Africa is one of the original areas of the park. Set in the fictional east African port village of Harambe, this area contains several animal exhibits. The village is the namesake of the Harambe Wildlife Preserve, the fictional home of Africa's main attraction, Kilimanjaro Safaris. Guests climb aboard an open-sided safari vehicle for an expedition to see African species in savanna, rivers and rocky hills. The safari features giraffes, lions, cheetahs, African elephants, zebras, wildebeest, cape buffalo, Nile crocodiles, ostriches, several species of antelope, and flamingos. On the adjacent Pangani Forest Exploration Trail, visitors trek into the forest where animals such as black-and-white colobus monkeys, gerenuks, gorillas, hippos, Kenyan sand boas, kori bustards, meerkats, naked mole-rats, okapis, tarantulas, and yellow-backed duikers, as well as an aviary, are located. On the western side of Africa is the Harambe Theater, which is home to the Festival of the Lion King, a stage attraction based on the 1994 Disney animated film.
Rafiki's Planet Watch is the only section of the park not connected to Discovery Island; it connects only to Africa. Guests board the narrow gauge Wildlife Express Train for the short trip to and from the area, which consists of three sub-areas. Guests first encounter Habitat Habit!, where they can see cotton-top tamarins and learn about the efforts to protect these endangered primates in their natural homes. Along the way, guests can also learn how to provide animal habitats in and around their own homes.
Conservation Station showcases the various conservation efforts supported by the Walt Disney Company. It also gives a behind-the-scenes glimpse into Disney's Animal Kingdom's animal care facilities, including a veterinary examination room complete with a two-way communications system so the veterinary staff can answer guest questions. Outside, Affection Section is a petting zoo featuring goats, sheep, and other domesticated animals.
Asia, the first expansion area added to Disney's Animal Kingdom, first opened in 1999. This area is set in the fictional kingdom of Anandapur (which means "Place of many delights" in Sanskrit and is named after the Kendujhar district's Anandapur municipality in India). Anandapur comprises two villages: a riverside village that is also called Anandapur and Serka Zong (which is in the foothills of the Himalayas). Portraits of Anandapur's royal family (consisting of the maharaja and his wife) can be found in most of the businesses within the two villages, a map of the kingdom featuring both villages and their location relative to the mountains and river can be found on the wall of the Disney Vacation Club kiosk located there. Much like Harambe, Anandapur is now a center of animal research and tourism.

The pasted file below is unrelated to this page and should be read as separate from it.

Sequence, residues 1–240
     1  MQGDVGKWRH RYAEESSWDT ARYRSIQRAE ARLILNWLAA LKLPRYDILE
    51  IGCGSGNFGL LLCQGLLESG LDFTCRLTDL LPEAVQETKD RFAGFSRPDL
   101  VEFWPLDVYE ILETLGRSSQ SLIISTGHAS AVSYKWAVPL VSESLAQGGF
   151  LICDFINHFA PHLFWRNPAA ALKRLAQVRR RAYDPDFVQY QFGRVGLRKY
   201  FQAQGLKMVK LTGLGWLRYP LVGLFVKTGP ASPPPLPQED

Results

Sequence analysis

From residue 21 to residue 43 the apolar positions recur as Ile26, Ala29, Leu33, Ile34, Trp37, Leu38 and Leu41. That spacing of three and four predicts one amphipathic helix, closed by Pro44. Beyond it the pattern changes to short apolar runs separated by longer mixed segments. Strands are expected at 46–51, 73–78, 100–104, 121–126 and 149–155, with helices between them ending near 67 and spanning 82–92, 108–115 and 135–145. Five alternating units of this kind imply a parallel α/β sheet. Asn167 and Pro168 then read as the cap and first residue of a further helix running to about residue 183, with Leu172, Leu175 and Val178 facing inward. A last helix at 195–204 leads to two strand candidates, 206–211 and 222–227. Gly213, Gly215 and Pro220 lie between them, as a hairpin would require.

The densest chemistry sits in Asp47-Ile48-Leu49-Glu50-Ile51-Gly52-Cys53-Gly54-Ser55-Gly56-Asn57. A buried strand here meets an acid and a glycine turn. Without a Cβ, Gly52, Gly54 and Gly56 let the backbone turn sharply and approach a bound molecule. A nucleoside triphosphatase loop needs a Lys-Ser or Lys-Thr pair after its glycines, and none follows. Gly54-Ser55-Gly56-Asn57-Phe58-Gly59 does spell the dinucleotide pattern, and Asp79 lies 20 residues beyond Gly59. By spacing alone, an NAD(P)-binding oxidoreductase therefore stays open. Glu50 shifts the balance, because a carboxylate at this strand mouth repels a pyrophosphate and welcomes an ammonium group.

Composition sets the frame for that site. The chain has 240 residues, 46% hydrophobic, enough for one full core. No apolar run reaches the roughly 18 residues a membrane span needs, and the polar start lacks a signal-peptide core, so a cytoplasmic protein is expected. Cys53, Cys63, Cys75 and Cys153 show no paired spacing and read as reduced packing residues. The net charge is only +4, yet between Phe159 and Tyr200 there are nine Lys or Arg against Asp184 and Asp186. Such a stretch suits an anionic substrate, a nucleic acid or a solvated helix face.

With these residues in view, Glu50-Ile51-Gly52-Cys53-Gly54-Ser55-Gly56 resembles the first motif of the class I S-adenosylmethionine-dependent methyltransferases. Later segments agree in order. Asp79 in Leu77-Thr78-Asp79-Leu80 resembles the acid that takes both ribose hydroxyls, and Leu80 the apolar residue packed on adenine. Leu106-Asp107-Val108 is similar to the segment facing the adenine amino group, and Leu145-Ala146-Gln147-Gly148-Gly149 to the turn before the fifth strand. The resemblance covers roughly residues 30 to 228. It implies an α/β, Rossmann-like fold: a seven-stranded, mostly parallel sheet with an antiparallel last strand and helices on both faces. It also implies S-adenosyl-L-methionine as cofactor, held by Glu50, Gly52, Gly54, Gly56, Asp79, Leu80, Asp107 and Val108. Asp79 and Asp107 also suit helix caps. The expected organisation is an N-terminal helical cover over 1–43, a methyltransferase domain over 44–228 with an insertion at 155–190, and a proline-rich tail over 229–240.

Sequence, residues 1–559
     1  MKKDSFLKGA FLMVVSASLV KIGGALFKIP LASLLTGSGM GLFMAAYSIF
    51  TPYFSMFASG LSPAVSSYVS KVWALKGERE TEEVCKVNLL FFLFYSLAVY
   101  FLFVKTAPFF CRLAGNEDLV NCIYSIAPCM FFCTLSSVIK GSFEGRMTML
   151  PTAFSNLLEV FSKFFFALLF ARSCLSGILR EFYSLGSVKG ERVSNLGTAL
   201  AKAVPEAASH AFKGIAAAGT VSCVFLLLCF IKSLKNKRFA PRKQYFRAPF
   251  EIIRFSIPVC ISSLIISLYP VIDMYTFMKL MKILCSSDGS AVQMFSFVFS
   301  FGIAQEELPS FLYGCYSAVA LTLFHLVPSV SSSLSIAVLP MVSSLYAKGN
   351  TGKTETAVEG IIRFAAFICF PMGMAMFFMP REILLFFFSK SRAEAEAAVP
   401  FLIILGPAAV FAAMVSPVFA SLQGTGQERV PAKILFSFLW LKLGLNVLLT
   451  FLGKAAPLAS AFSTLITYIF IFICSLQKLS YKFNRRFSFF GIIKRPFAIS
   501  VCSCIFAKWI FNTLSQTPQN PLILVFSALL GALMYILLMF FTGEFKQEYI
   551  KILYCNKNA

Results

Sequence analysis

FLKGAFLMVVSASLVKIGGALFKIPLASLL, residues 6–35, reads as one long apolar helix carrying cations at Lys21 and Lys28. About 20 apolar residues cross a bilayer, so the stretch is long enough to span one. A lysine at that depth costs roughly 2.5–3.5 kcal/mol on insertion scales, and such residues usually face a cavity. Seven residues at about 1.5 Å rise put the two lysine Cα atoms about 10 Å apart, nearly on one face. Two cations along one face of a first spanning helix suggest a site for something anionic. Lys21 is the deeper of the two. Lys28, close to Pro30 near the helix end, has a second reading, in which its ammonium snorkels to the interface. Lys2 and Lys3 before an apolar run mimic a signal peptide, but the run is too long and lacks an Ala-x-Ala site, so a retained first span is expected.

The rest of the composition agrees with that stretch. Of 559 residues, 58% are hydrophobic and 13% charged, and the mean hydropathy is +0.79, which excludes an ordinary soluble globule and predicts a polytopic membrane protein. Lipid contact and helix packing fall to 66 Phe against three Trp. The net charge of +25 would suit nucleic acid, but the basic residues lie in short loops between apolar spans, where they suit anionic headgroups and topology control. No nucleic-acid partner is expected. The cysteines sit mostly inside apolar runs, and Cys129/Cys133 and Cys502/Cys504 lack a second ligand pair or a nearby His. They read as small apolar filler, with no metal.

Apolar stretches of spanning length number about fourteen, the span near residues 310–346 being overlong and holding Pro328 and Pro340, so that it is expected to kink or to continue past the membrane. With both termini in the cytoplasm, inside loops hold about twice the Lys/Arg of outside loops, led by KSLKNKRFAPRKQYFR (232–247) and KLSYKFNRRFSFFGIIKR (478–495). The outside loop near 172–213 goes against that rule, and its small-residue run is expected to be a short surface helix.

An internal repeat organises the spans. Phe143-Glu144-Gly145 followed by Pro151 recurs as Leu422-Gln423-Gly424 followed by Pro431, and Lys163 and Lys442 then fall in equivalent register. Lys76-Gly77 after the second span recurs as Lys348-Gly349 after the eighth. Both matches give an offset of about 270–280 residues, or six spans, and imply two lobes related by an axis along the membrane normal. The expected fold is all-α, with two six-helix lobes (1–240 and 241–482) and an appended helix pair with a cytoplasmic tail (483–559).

The visual focal point of Asia is Expedition Everest, a roller coaster through the Forbidden Mountain of the Himalayas where passengers encounter a Yeti. Nearby is Kali River Rapids, a river rapids ride along the Chakranadi River through a rainforest, past an illegal logging operation and down a waterfall. The Maharajah Jungle Trek leads guests through the forests and ruins outside the village, which are home to species such as bantengs, bar-headed geese, Bengal tigers, blackbucks, Eld's deer, gibbons, Large flying foxes, Komodo dragons and over 50 bird species.Flights of Wonder, a live bird show where one of Anandapur's bird researchers educates a tour guide with a fear of birds about natural bird behaviors and the effects of habitat loss and conservation efforts on bird species, such as the black crowned crane and bald eagle.